Zero Home: The First Net-Zero Certified Home in Utah

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The First Zero home in the state of Utah is attracting a great deal of attention. Affordable green living is something that locals are quite interested in. Families deserve both energy savings and greater energy independence.

 

Unique Features of the Zero Home

The First Net-Zero home in Utah has outstanding efficiency ratings. In addition, this home is one of the first within the state to receive home status from the United States Department of Energy and holds a HERS rating of zero.

It was built as a prototype and was nicknamed the “Zero Home”. The structure is similar to a split-level, with 4 bedrooms, 3.5 baths and a four car garage. All the energy used within the home is produced on site by way of renewable sources.

This home is an EPA indoor air plus residence and is Energy Star Certified. Also, this remarkable property is the first and only home within zone 5 to be certified as Net-Zero. Climate zone 5 is a very difficult status to receive.

The First Zero home in Utah has a unique Photovoltaic system which contributes to the zero home’s self sufficiency. In addition, vehicle charging stations have been installed in the corner of the garage.

What makes this First Net-Zero home so unique is the energy efficient features that have been installed. The energy efficient features include advanced framing techniques, spray foam and blow-in installation. Blow-in installation is more energy efficient than traditional home installation.

The Net-Zero home is equipped with a high efficient HVAC system, solar water heat and low flow faucets. A home of this nature could cost anywhere from $350,000 to $400,000. Many feel, however, that a price of $400,000 is a steal, especially within the Utah area.

 

Benefits to Homeowners

There seem to be endless benefits that come with a Net-Zero home. For instance, homeowners will only have to use their air conditioner or furnace 3-5 times per year. Doing so results in zero energy costs for the homeowner.

The Zero home also has a home unique security system and built in control system. The touchscreen control system allows the homeowner to see how much energy the house is generating at any given time through real-time energy analytics.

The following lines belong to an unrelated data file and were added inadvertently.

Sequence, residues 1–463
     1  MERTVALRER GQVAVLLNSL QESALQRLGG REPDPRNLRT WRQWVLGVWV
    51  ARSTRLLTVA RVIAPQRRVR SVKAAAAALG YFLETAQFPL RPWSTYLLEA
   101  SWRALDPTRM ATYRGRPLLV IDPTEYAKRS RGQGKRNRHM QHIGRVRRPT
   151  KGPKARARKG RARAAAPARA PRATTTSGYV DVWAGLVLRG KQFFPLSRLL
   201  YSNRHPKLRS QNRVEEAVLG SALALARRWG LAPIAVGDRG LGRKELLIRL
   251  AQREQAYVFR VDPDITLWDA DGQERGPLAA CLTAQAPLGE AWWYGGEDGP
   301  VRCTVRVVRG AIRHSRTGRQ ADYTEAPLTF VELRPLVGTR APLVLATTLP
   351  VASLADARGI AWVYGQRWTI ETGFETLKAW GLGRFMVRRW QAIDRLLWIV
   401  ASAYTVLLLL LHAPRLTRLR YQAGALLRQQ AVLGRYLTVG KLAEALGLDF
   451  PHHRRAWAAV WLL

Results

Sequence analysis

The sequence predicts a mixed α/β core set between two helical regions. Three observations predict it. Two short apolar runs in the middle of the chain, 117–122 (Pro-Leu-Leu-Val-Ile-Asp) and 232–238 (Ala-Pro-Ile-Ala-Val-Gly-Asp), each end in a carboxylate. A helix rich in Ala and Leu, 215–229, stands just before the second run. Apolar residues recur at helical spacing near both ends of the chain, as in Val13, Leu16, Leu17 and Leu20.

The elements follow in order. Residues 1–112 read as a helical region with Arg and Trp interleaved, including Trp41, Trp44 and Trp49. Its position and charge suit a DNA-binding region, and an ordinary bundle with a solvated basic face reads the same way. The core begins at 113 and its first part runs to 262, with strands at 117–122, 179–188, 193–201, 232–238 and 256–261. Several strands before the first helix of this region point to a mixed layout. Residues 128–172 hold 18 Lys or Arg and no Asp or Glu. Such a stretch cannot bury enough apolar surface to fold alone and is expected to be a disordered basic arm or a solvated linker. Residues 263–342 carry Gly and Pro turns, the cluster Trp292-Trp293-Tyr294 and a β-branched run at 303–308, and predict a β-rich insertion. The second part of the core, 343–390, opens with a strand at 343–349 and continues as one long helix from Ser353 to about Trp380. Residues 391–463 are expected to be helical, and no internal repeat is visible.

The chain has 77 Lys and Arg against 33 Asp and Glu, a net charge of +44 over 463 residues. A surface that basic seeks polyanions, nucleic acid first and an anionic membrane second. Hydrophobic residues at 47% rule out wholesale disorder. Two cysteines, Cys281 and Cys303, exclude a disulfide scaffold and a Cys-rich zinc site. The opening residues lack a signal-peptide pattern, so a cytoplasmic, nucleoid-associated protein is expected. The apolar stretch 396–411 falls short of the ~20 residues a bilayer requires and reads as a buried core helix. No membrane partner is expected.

The security system and thermostat are wired together into the same system. Therefore, if a door or window is left unlocked, a message will automatically be sent to the homeowner by way of text message. In addition, every home has to have an Internet connection and computer. The Zero-home has a 50-mbps wireless Internet system connection.

Families do deserve energy savings and greater independence. The Net-Zero home is a perfect example that an energy efficient modernized home does not have to cost millions of dollars. The KTGY Group hopes to build additional green living homes in the future, and there is significant interest among Utah residents for projects of this nature.

Eco-friendly properties may become a reality in other areas of the country as well. Therefore, green living may soon become more affordable for middle class Americans.

  • Ian Andrew

    As the Co-founder and Editor-in-Chief of Greener Ideal, Ian has been a driving force in environmental journalism and sustainable lifestyle advocacy since 2008. With over a decade of dedicated involvement in environmental matters, Ian has established himself as a respected expert in the field. Under his leadership, Greener Ideal has consistently delivered independent news and insightful content that empowers readers to engage with and understand pressing environmental issues.

    Ian’s expertise extends beyond editorial leadership; his hands-on experience in exploring and implementing sustainable practices equips him with practical knowledge that resonates with both industry professionals and eco-conscious audiences. This blend of direct involvement and editorial oversight has positioned Ian as a credible and authoritative voice in environmental journalism and sustainable living.

4 thoughts on “Zero Home: The First Net-Zero Certified Home in Utah”

  1. Thank you for sharing! Since people are concerned about whether the house is energy efficient when choosing a home these days, the construction of such buildings is becoming more and more relevant.

    Reply
  2. In addition to current environmental conditions, the rising electricity and fuel prices make zero-homes gain popularity. In general, this is what our homes should become in the near future. Thank you for sharing this info!

    Reply

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